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Hip Pain, Do I Need a Scope?

If you suffer with hip pain, there are several conservative treatment options as well as surgical intervention to manage your symptoms.  In the past, if you pursued surgery it was performed “open” which required a long incision to allow access to the joint; over the past 20 years orthopedic surgeons have had another option to treat some chronic and acute hip conditions-hip arthroscopy.

Along the same lines as a shoulder or knee arthroscopy, a hip arthroscopy (scope) uses small incisions to allow access for a camera and small instruments into the hip joint to provide surgical management for several conditions.


You may find yourself asking, is this the right surgery for me?

Hip arthroscopy can be used for a number of hip issues including:


Hip anatomy

Your hip joint is composed of your femur and your pelvis, it is a “ball and socket joint”.  The femoral head (ball) fits into the pelvis at a structure called the acetabulum (socket).  There is also a gasket-like structure around the acetabulum called the labrum.  The labrum helps provide stability to the hip as well as feedback for hip position.


How do you know if hip arthroscopy is the right treatment for you?

You will need to have an evaluation with an orthopedic surgeon.  They will do a thorough exam of your hip to check flexibility, strength, range of motion and evaluate movements that cause pain.  You will also have x-rays of the hip taken to check your joint spaces and look for other bone or joint issues.  Depending on the outcome of your exam you may be scheduled to undergo an MRI to look at the ligaments, cartilage, and structures like the labrum.  Structures of the hip may also be visualized using ultrasound.

After your physician has examined you and reviewed your imaging studies, they will develop a plan of care.  Depending on your diagnosis, there are non-surgical options available before heading straight to the OR.  Your doctor may offer the option of physical therapy, oral anti-inflammatory medications, or a steroid injection into the joint.  You will be given you the pros and cons of these options to determine how aggressive you want to be in your treatment.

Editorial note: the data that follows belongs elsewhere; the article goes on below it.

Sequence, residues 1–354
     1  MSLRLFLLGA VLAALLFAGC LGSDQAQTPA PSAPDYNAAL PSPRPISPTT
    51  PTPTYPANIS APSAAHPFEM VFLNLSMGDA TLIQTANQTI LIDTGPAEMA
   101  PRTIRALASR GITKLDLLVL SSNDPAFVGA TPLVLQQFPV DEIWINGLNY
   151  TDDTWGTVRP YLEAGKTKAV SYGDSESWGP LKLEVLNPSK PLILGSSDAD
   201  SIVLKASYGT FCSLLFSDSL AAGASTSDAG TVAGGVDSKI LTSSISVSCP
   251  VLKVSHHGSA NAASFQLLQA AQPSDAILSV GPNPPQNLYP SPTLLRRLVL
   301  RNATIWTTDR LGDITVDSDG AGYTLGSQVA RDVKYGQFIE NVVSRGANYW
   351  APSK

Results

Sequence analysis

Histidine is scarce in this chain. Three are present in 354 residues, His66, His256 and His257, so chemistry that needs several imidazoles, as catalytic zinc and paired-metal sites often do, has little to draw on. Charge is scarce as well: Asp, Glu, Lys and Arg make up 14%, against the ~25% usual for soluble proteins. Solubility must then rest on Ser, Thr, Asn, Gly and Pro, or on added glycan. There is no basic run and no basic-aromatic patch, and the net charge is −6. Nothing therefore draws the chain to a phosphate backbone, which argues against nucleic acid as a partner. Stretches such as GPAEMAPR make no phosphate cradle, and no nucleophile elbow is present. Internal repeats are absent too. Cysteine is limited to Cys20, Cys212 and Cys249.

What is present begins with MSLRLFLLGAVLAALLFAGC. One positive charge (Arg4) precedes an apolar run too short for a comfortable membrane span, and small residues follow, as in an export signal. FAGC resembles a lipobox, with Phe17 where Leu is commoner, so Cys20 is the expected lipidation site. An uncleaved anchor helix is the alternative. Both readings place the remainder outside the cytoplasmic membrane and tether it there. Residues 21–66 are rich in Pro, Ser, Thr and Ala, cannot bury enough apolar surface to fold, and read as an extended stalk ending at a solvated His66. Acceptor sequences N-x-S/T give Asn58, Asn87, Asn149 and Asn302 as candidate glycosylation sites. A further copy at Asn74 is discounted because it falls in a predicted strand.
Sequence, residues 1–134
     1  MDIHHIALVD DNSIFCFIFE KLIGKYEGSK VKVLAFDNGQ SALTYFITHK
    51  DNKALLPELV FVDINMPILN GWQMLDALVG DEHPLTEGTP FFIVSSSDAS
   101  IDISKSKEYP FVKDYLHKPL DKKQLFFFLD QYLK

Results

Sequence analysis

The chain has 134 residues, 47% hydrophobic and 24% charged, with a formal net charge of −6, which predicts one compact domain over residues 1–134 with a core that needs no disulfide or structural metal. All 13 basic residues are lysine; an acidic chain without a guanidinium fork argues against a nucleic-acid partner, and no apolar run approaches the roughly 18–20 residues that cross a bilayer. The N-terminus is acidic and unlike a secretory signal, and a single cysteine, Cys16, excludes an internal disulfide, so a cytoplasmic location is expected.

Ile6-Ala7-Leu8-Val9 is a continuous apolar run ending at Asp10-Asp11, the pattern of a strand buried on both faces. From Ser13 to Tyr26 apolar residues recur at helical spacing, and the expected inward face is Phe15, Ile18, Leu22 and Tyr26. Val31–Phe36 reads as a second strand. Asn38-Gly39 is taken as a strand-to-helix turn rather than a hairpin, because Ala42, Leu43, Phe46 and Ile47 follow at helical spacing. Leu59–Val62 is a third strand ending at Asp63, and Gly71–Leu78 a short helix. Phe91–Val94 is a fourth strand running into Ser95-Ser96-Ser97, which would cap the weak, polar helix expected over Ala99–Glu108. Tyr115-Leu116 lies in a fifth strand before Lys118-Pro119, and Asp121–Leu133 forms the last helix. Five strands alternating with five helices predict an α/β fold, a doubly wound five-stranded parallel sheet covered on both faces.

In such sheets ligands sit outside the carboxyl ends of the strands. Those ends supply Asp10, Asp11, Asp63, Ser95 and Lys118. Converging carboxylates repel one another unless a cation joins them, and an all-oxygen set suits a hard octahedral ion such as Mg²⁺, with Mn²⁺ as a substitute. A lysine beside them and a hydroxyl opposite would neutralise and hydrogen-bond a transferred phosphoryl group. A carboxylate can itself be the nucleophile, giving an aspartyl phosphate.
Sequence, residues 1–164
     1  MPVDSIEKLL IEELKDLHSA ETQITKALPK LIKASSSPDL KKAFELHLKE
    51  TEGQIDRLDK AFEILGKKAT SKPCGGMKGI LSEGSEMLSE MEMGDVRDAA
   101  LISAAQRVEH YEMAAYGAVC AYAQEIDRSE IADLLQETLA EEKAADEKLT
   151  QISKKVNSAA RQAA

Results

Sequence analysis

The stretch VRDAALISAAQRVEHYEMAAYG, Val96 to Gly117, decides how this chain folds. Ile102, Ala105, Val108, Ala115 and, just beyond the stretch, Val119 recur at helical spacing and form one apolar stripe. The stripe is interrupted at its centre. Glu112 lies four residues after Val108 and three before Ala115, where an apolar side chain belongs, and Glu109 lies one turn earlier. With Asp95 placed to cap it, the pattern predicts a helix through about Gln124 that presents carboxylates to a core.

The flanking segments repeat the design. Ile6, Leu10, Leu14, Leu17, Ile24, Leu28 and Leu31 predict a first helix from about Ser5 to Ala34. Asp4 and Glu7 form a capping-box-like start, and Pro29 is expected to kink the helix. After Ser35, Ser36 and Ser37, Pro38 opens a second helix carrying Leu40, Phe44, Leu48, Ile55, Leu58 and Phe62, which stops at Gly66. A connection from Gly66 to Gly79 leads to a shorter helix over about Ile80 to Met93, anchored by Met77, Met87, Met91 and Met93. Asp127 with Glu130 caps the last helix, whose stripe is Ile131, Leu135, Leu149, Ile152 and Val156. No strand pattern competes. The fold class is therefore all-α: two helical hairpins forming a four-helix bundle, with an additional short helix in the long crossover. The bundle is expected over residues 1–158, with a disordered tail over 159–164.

Depending on your hip condition, for example a tear of your labrum, you may be offered surgical intervention as a first line of treatment. 

You could also have a diagnosis that excludes you as a candidate for a hip scope.  A diagnosis of hip arthritis is not treated with a hip arthroscopy.  In this instance, your physician will likely discuss conservative management of your symptoms with injections, oral medications or ultimately a total joint replacement. 

What happens during surgery

You will be taken into the OR and positioned lying on your back.  Traction is applied to your leg to slightly open your hip joint; this allows access for your surgeon’s instruments.  An x-ray unit called a C-arm will be used to capture real time images of your hip; this helps your surgeon know where to insert the surgical instruments.  You will have 2-3 small incisions about the size of a buttonhole.  Your surgeon will use their camera to evaluate the hip joint.  During surgery they can smooth torn cartilage, remove loose bodies, trim bone spurs that can cause impingement, and repair labral tears.   This is an outpatient procedure, and you will go home the same day. 

If you had a repair, you will need to use crutches for about 4-6 weeks following surgery and limit your activities.  Occasionally your surgeon will have you wear a brace.  You will also attend physical therapy following surgery to work on your motion and strengthening the hip. 

Hip arthroscopy is a great minimally invasive procedure that can provide pain relief and management of several hip conditions.  





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